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Dirty-South Blues Harp forum: wail on! > Tuning stainless steel reeds
Tuning stainless steel reeds
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143 posts
Oct 01, 2022
10:54 AM
Are stainless steel reeds more difficult to tune? My experience is that it is more difficult, but I'd like to hear from some more experienced people.

A related question: approximately how long does the engraving tool (from Harbor Freight) last before it is too dull to shave metal from the reeds?
3685 posts
Oct 03, 2022
8:59 AM
If you're going to tune stainless steel reeds, something like an engraving tool or any rotary tool would be best but you have to remember NOT to be aggressive because you can all too quickly take off far too much metal than necessary or worse, cause gouges or even a hole in the reed and so patience and doing tiny amounts at a time is a necessity.

You could use a file but stainless steel can be a risk of permanently ruining even the best made files plus bad filing jobs, especially with a cheapo, poorly made file can have even worse problems with burning than with a brass reed.

If you avoid being overly aggressive and use a rotary tool/engraving tool that has a momentary on/off switch, it can last for many years before it dulls and so caution and avoid being overly aggressive and taking too much metal way too soon is a necessity. If you're impatient and overly aggressive, you will ruin both the reed and the tool very quickly.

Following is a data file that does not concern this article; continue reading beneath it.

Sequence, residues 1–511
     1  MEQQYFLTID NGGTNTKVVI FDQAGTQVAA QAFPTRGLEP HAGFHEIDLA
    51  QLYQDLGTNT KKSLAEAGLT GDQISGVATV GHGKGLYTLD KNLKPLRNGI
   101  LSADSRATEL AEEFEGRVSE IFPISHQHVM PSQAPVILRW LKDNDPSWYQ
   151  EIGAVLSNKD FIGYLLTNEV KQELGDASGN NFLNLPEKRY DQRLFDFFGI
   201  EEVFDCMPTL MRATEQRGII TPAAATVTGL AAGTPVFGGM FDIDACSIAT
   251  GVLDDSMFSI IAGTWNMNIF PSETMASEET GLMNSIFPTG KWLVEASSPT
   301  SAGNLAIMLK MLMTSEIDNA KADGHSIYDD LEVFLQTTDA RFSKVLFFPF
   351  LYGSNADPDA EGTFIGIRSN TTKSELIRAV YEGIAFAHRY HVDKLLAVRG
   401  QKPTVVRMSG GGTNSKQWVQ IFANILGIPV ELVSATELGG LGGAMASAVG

Barbeque Bob Maglinte
Boston, MA
CD available at http://www.cdbaby.com/cd/bbmaglinte
7076 posts
Oct 04, 2022
8:53 PM
Ive tuned a lot of them. With a file they are hard work imho.
those little engraving tools are of limited use for tuning in my experience, at least with the stock engraving bit.
I have a tool i think is marketed for shaping acrylic fingernails. I think they call it a nail drill although that name doesnt seem very descriptive to me. That thing changed he world for me especially with steel reeds. it can be switched to spin in either direction, has speed control and option of a foot pedal which i find really handy. There are numerous options for the actual abrasive tool. I used diamond pieces relatively rarely, basically only in situations where i was trying to access the reed through a fairly narrow opening eg through the slot. Mostly i would use a sanding drum but there are other abrasives and you can get to the point of using a silicon polishing pin as Greg Jones uses and claims great results in extended longevity.
The other thing to be said for steel reeds is that once they are tuned they generally are very stable right up until they are ready to break, which may never happen if you treat them with respect.
EDIT: i forgot about the longevity question re the engraver. My experience is that those pieces really dont last long if you use them on steel reeds. Maybe ok if you are just touching up a few cents but if you are trying to move the reed a semitone you wont get much mileage. you can buy replacement parts though.

Last Edited by SuperBee on Oct 04, 2022 8:55 PM

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